Conferences are a big commitment for a firm. Not only are there many direct costs that come along with sending someone to an event — registration, flights, hotels — but there are indirect costs as well. Preparing for a conference takes a good amount of time and resources, so afterwards, you should be sure that you have tangible results.
Before the event: Get organized
Before deciding to attend an event, find out about the attendees. Many events have become flooded with service providers and may have the same attendees year over year. While many conference organizers will not be able to share a full attendee list with non-registrants ahead of the event, you should be able to get intel about the types of firms that will be there along with the seniority of registrants and the number of overall attendees.
Once you’ve registered, you should be able to get “the list.” Event attendee lists are extremely valuable and should be treated as so. Don’t just glance through to see if you recognize names, but take time to go through and research attendees prior to scheduling meetings. Sure, it may save you time on the front end to blindly set up meetings with as many bankers (or family offices or independent sponsors) as possible, but it won’t do much good if you get to those meetings and realize that your firms don’t work in the same space.
If you want a higher ROI, rank each firm on the list based on industry focus and deal size, as well as any other differentiators that are important to your firm. From there, set up meetings with the top-ranking attendees first. This will ensure that you have as many high-value meetings on your calendar as possible, and it may even leave some time on the calendar to have a few impromptu meetings once you’re there.
Finally, up the organizational ante by consolidating important information for the conference in your calendar, a spreadsheet, or a notes section in the conference app. This way you won’t need to worry about forgetting an important detail and being late or unprepared. Be sure to include the individual/firm that you’re meeting with — along with any notes or reminders — and the meeting location at the very least. If you can include a link to the venue map via the conference website or app, that’s a plus!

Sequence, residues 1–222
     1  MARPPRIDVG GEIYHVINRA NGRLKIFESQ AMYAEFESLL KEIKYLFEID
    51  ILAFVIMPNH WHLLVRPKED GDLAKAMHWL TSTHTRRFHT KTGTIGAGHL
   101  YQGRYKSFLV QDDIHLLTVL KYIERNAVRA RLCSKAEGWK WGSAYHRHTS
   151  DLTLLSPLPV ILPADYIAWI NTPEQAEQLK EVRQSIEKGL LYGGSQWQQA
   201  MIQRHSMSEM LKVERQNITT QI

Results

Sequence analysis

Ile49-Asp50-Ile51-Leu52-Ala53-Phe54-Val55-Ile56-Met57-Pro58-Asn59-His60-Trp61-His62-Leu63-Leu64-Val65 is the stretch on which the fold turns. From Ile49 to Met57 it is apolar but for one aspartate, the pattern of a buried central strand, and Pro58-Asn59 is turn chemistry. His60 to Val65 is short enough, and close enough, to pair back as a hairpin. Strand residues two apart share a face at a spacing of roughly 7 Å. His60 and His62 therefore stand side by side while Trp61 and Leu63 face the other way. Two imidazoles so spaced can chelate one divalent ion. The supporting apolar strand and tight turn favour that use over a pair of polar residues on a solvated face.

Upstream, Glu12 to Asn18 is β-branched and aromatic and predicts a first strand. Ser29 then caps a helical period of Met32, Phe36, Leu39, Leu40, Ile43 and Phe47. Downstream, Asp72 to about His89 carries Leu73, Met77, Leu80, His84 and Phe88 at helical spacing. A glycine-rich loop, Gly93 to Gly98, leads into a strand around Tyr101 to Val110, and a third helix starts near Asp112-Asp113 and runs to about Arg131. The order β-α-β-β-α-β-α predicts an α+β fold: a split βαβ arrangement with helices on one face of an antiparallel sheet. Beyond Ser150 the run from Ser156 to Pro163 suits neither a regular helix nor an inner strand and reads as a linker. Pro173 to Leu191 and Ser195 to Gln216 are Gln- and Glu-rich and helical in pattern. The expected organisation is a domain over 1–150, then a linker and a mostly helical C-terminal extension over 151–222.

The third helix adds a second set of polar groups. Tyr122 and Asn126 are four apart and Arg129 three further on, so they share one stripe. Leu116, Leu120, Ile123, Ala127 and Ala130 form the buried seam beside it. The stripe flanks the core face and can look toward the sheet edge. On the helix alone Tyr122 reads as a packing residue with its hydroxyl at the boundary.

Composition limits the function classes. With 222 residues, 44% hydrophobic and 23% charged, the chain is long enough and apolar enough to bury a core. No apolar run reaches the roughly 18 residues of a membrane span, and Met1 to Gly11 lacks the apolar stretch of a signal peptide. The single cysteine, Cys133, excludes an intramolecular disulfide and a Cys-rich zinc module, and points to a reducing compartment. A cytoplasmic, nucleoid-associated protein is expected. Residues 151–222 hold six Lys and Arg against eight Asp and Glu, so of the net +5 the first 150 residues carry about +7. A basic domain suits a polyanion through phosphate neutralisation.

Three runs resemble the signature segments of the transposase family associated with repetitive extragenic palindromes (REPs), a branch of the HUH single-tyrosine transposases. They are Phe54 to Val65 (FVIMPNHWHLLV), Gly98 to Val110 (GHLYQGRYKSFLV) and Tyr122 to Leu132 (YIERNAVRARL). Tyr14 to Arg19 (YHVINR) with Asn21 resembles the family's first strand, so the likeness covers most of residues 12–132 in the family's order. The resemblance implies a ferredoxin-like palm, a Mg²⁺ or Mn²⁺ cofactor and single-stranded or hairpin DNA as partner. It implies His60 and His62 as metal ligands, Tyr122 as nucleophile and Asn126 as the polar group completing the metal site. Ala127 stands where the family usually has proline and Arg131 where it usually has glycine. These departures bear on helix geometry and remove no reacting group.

During the event: Make the most of every meeting
Now you’re here and you’ve likely got dozens of meetings over the course of a day or two. This could get messy. But it won’t, because you came well prepared.
Double check your meeting notes prior to each sit-down to ensure you have some good talking points for the conversation; showing that you did your homework will help your case and credibility.
As soon as you wrap things up, jot down notes from your discussion. You can do so on the back of the business card you collected, or even better, add it directly to your spreadsheet if you have time. Your notes don’t have to be deal-specific. Feel free to include personal snippets or commonalities that you can reference in future conversations.
After the event: Your work isn’t finished
Once you’re back in the office, set aside some time for conference follow-up. One of the worst mistakes when it comes to maximizing ROI is to dive back into your normal workload without properly logging and following up on meetings. If you’re going to take time to attend an event, take time to increase your likelihood of success.
Upload your meeting notes to your CRM and shoot a thoughtful email over to each person you met with, regardless of whether or not you think that there is a deal you can work on together in the short-term. Further down the line, that person could be a useful connection. If there is someone with whom you think you could do a deal, obviously follow up and discuss next steps.
Almost finished. The last step before determining your conference ROI is to decide on a success metric to your trip. Whether it’s a new contact, a signed NDA, or a new deal to review, attach a dollar value to that metric so you can see the value that came from the conference.
Total cost = direct cost + indirect cost
Direct cost = travel costs + conference ticket price
Indirect cost = number of hours spent prepping * hourly value
Generated value = success metric dollar value * number of times success metric was achieved
ROI = (Generated value – total cost) / total cost
Need a hand? Download our event ROI Excel template here.